To overcome this problem, pericentric or catadioptric lenses can be used. Unlike conventional lenses or telecentric lenses, pericentric lenses are designed such that the optical rays converge towards the object being imaged. Such lenses are used in machine vision systems to simultaneously view the top and sides of an object, thus reducing the number of cameras and lenses required while eliminating multiple-camera calibration complexity.
In his presentation "Panoramic inspection of objects with single lens systems," Luca Palleschi, General Manager of Opto Engineering (Houston, TX, USA:www.opto-engineering.com), shows how such single lens systems can be used to image cylindrical containers. As Palleschi admits, the size of such lenses can become large and, to reduce the size and weight of such lenses, catadioptric lenses that employ a combination of lenses and curved mirrors can be used to the same effect (Figure 3).
|Figure 3: Since the size of pericentric lenses can become large, the size and weight of such lenses can be reduced using catadioptric lenses such as the PCCD series from Opto Engineering to image top and sides of a product simultaneously.|
While conventional lenses can be used to image objects at different distances from the camera, should objects of different heights be presented to the imaging system, the lens will require refocussing. Although such manual adjustments can be made on automated production lines, this will require resetting the cameras for different focal lengths. One drawback to this approach is the potential increase in downtime due to the time required for changeovers. Another drawback is that this can be challenging if the camera and lens are in a difficult to access area on the equipment.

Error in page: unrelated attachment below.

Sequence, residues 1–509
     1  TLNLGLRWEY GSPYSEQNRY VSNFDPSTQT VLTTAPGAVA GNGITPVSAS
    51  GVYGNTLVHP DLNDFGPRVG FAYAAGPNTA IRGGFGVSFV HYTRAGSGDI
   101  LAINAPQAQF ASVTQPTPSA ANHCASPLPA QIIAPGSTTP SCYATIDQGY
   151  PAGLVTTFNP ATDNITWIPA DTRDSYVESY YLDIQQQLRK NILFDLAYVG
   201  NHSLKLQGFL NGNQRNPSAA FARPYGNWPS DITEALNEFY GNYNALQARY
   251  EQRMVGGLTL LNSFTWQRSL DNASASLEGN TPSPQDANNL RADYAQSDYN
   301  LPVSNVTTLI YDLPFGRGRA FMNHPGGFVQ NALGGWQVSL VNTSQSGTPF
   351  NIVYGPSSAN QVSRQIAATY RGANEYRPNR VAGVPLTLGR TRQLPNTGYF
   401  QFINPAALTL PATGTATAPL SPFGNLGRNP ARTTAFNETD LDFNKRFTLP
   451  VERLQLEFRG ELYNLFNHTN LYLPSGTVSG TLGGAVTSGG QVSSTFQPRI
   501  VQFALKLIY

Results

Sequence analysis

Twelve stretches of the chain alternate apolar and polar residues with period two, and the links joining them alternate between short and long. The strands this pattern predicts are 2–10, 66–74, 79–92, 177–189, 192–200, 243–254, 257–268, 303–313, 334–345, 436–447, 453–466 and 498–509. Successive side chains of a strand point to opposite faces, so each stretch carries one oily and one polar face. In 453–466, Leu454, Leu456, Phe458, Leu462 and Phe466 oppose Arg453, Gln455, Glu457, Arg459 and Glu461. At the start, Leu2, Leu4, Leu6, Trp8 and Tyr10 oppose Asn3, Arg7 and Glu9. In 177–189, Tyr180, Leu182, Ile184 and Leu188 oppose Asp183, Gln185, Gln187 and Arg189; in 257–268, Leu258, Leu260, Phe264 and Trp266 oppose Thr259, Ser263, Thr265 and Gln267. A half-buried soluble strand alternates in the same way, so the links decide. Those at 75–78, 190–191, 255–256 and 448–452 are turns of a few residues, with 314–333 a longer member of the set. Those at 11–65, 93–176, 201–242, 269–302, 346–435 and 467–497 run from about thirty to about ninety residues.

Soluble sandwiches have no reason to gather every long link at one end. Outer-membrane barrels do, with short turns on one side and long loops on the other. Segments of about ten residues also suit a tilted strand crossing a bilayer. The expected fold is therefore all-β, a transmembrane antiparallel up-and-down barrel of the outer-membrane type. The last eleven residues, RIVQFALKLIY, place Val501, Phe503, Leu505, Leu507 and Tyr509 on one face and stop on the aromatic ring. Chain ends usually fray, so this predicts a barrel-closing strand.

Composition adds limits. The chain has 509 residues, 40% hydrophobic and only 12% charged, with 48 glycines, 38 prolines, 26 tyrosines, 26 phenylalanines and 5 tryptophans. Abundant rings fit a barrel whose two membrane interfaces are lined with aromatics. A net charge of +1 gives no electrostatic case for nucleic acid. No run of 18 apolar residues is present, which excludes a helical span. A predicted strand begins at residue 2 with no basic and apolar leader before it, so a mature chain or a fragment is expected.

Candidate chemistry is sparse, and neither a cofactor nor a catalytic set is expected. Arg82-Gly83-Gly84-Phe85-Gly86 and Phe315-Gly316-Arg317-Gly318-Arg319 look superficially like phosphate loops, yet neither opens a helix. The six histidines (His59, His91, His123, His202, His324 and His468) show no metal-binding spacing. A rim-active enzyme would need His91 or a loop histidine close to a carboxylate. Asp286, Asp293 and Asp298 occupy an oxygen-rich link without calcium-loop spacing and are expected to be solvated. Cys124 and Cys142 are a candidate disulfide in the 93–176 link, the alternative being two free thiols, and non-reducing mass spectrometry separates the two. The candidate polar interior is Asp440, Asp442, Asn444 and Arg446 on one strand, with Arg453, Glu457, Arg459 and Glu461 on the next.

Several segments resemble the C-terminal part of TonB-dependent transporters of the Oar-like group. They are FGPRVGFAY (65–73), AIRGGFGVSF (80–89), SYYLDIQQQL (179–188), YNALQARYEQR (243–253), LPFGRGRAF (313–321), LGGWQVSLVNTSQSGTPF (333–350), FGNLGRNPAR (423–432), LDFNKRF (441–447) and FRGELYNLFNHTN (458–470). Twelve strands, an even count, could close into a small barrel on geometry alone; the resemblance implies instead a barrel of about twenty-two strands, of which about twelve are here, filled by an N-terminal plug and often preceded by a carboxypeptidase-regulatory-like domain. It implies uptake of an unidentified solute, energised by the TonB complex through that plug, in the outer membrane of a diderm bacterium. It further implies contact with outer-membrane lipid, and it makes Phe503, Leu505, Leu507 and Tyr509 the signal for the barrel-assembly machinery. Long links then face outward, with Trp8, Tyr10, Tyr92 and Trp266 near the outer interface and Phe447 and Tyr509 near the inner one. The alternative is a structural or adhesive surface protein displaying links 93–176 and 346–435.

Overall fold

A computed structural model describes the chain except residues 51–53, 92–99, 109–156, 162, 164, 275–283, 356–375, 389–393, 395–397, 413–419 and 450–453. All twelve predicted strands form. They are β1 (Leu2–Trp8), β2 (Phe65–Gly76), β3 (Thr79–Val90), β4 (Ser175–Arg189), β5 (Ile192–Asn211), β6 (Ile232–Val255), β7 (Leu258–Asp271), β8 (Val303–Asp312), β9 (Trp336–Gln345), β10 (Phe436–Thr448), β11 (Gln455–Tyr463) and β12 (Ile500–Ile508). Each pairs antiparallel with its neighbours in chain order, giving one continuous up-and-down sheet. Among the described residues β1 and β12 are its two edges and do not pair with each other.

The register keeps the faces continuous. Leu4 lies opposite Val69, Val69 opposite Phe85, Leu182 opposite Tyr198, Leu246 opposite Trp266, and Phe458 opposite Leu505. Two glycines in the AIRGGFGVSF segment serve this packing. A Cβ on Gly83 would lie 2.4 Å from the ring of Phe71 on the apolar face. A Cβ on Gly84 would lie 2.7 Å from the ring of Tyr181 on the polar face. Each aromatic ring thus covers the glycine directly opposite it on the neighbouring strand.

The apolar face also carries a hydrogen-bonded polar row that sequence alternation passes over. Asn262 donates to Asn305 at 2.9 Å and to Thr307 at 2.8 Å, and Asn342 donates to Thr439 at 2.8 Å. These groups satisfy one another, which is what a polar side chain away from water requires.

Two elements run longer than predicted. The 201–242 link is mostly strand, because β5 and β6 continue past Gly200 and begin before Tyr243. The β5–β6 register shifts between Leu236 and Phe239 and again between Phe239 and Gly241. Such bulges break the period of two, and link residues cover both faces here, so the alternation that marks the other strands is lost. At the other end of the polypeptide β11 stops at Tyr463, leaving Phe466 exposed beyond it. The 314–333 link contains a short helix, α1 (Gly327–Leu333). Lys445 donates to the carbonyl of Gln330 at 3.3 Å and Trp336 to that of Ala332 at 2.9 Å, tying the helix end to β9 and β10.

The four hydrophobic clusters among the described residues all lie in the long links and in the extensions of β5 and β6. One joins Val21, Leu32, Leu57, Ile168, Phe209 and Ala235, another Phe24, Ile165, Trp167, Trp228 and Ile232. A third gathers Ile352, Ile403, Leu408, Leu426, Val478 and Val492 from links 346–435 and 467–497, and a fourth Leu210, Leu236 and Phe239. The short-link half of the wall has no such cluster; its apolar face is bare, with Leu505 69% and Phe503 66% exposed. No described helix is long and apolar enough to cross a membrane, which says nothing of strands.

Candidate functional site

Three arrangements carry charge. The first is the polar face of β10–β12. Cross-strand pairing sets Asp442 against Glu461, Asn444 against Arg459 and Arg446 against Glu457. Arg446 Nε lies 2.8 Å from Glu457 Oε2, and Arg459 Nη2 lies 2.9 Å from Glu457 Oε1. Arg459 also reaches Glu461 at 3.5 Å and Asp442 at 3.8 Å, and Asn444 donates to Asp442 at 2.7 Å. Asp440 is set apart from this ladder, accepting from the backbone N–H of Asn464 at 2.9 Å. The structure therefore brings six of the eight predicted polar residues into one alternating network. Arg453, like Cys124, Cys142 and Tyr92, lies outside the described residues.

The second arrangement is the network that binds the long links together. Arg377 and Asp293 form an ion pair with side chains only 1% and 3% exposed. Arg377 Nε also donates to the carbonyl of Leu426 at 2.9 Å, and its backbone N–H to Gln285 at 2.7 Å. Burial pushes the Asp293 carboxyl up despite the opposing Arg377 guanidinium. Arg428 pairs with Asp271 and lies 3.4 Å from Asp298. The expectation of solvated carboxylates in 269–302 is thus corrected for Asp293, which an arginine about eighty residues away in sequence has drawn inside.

However, by using electrically-focussed tunable lenses this can be automatically accomplished in milliseconds (Figure 4). Nick Sischka, Imaging Engineer at Edmund Optics in his video presentation, "Understanding liquid lens technology," that can be found athttp://bit.ly/2wbBOi6, shows how the depth of field limitation associated with conventional lenses can be overcome using focus tunable lenses from Optotune (Dietikon, Switzerland; www.optotune.com).
|Figure 4: While conventional lenses can image objects at different distances from the camera, should objects of different heights be presented to the imaging system, the lens will require refocusing. By using electrically-focused tunable lenses this can be automatically accomplished in milliseconds|
While his presentation relates directly to production line environments, such electrically-focussed tunable lenses can be used in microscope-based applications, such as tracking intracellular protein complexes. Using an ix81 microscope from Olympus (Tokyo, Japan;www.olympusamerica.com), for example, and an Optotune electrically-focussed lens, a number of Z-stacked images can be imaged at high-speed (see "High-speed microscopy with an electrically tunable lens to image the dynamics of in vivo molecular complexes," Review of Scientific Instruments 86, 013707 (2015); http://bit.ly/VSD-HSM).
While currently-available lenses meet the needs of many machine vision applications, more specialized machine vision systems may demand custom lens configurations and coatings. Luckily, many well-established lens manufacturers, with in-house production capabilities are prepared to customize lenses to meet such applications. If such custom lenses or systems should be required, however, they will be more expensive and thus only found in specialized imaging systems (such as military applications) where financial considerations are not of importance or consumer products where thousands, if not hundreds of thousands of products, are produced.
Eindhoven, The Netherlands
Cary, NC, USA
Barrington, NJ, USA
Waltham, MA, USA
Ottawa, ON, Canada
San Jose, CA, USA
Rochester, NY, USA
Houston, TX, USA
Newton, NJ, USA